Anyway, when I reached home 2 things happend: My phone suddenly died, which has all my numbers. It's practically my lifeline, and until it gets fixed I am screwed. The second thing was that as soon as I put them sim card into another phone, I got a phone call from sharqawi, who informed me that droubi called him from the police car and gave him some of the names of the people arrested with him. Here they are: Adham el sabty, Omar Mustafa, Ahmed Droubi, Karim El Shaer, Sherif Ragab, Mohamed Abdel Kader, Ahmed Samir, Khaled Mustafa, Mohamed Gamal, Malek Moustafa, Omar el Hady and Medhat Shaker. If you know of anyone else, please add their name to the comment section of this post. Also, check out Hosam's post for updates!

So, that's what happend. Now what? How do I end this? Do I tell you how depressed I am at the moment? How this signals the end of the dream of a democratic Egypt? No point there. Anyone who has been following this blog knows that democracy is dying around here. The truth of the matter is, I am  really mad, really really fuckin mad, at the egyptian people, whom we risk our lives for. I am mad at them for not caring, for accepting the roles of sheep, for not fighting for their rights and not doing anything while they see what we go through in order to fight for those same rights that they know they need and lack. I am mad at them for just standing there while they could  hear the screams of women getting beat up in front of them, and not even voice an objection. I am mad at them for the looks of fear in their eyes while we passed by, as if they are afraid to be tainted by us or something.But, between you and me, none of that is the main reason why I am really hating them right now.

The real reason is simple: Where does the government, the corrupt ministers, the ruthless SS officers and their soldiers come from? Aren't they egyptians? Don't they come from egyptian families and households? Aren't they born and raised here like the rest of us? Well, what does that exactly say about us? Whether we like it or not, the government is a reflection of the people. So if the government is ruthless, corrupt and dictatorial, what does that say about the people? What does it say about the parents of the police officers that order their soldiers to beat up and sexually assault women? What does it say about the families of those corrupt government officials who sign away our future and that of our children for a bunch of dirty money? What does it say about a nation that produces such a government, and accepts it, even as it plunders the country and enslaves its people?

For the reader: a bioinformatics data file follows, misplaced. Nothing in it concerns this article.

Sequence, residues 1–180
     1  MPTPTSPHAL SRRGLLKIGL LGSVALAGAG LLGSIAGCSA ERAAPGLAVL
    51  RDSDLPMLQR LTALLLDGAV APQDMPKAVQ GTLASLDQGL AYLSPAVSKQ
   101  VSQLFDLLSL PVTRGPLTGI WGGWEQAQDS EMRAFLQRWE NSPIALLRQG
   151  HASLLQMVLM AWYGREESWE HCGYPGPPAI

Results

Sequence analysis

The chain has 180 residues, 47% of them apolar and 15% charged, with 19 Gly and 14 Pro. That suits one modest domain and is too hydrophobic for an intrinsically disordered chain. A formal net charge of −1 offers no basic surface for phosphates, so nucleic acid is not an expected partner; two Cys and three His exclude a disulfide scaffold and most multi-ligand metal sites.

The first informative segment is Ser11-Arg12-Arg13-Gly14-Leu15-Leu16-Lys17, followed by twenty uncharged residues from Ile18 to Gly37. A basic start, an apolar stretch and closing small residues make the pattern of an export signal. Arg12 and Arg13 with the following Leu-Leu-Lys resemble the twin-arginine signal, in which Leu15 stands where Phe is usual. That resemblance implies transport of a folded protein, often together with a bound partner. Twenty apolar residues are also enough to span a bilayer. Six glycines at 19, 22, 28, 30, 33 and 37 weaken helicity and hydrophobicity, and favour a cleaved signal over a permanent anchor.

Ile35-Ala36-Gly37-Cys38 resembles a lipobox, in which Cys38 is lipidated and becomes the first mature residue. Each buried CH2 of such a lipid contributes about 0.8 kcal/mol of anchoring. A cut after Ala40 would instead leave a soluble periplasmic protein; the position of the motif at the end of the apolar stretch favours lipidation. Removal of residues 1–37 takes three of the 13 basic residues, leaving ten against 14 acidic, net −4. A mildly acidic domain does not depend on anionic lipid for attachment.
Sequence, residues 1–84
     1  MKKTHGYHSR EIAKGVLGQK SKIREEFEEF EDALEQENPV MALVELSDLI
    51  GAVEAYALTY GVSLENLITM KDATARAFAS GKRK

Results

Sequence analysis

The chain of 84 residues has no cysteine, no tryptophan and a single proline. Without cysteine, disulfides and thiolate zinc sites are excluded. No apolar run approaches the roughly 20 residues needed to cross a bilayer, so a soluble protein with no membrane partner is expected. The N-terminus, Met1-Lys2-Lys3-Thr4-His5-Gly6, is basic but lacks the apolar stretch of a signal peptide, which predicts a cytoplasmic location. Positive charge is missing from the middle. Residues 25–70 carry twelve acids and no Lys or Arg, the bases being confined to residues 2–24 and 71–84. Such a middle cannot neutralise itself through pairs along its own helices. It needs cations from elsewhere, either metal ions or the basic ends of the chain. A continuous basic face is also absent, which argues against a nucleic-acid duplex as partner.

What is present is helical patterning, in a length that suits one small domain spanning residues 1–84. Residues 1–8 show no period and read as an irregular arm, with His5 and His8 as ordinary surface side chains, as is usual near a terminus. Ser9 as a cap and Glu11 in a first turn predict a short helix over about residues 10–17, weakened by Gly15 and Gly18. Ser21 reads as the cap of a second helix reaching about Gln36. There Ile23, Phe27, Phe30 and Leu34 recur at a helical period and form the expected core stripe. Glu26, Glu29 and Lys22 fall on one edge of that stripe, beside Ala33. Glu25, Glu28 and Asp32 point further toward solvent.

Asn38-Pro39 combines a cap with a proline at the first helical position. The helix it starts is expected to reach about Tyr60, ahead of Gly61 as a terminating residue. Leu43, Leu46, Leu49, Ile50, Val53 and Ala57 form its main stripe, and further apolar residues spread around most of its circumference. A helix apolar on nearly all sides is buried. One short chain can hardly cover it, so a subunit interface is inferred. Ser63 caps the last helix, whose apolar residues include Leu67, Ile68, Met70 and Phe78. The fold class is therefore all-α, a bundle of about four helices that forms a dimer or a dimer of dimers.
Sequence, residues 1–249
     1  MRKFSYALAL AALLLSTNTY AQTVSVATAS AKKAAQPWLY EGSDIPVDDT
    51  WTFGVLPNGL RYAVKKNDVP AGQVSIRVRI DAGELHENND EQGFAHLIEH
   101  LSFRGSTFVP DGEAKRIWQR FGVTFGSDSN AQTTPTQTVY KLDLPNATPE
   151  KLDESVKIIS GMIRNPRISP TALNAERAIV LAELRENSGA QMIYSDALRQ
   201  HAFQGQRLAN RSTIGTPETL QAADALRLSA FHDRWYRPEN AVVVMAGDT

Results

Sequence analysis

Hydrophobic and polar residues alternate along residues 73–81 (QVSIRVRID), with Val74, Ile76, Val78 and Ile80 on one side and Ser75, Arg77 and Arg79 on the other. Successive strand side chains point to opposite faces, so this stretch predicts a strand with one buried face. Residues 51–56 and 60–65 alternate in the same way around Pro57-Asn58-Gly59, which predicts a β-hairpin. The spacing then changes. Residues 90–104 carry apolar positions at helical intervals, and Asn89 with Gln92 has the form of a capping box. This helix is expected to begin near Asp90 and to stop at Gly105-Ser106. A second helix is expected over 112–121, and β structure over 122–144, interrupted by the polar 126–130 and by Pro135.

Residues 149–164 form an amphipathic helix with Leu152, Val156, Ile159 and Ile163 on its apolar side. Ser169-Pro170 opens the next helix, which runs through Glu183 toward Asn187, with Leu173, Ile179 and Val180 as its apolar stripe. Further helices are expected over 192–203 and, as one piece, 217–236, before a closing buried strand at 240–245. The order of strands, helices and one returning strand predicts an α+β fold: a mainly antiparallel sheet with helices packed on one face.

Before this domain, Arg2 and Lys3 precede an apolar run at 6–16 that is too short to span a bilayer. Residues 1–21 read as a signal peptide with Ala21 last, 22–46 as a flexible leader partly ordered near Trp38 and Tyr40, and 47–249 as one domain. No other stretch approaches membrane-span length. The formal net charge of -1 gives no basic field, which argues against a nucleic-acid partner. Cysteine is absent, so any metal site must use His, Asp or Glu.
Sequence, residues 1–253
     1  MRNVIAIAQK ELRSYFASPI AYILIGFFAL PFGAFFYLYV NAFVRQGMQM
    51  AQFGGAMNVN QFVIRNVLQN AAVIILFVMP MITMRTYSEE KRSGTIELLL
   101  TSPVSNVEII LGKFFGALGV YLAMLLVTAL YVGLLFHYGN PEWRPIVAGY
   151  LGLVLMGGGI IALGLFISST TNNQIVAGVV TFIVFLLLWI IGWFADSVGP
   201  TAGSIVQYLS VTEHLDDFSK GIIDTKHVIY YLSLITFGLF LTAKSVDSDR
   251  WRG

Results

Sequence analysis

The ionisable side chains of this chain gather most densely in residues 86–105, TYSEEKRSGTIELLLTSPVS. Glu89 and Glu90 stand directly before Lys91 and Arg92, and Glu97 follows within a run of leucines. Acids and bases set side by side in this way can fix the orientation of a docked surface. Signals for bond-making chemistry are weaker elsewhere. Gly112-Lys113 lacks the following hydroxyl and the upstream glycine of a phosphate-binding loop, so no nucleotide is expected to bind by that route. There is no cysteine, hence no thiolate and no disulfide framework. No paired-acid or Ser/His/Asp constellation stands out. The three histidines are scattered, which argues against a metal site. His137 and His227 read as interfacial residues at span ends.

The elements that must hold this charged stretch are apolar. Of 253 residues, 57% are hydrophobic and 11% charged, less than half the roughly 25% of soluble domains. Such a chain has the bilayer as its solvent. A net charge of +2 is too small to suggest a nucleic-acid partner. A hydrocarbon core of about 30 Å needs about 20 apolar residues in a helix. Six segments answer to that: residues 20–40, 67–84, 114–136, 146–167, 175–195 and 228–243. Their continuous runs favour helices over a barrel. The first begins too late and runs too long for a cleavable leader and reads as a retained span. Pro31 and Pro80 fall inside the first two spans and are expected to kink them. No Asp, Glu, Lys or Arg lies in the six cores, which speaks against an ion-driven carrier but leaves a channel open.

Maybe the government is right: Maybe we don't deserve Democracy. Maybe we don't deserve our rights. Maybe we deserve everything that happens to us. We, as people, seem to lack the sense of self-respect and dignity that makes the human being demand his/her right, so how do we expect the government to respect us or give us those rights? We clearly don't deserve them. We clearly deserve to have our rights stolen, our friends imprisoned, and our women assaulted. Cause, otherwise, how would you explain how accepting we are of those things?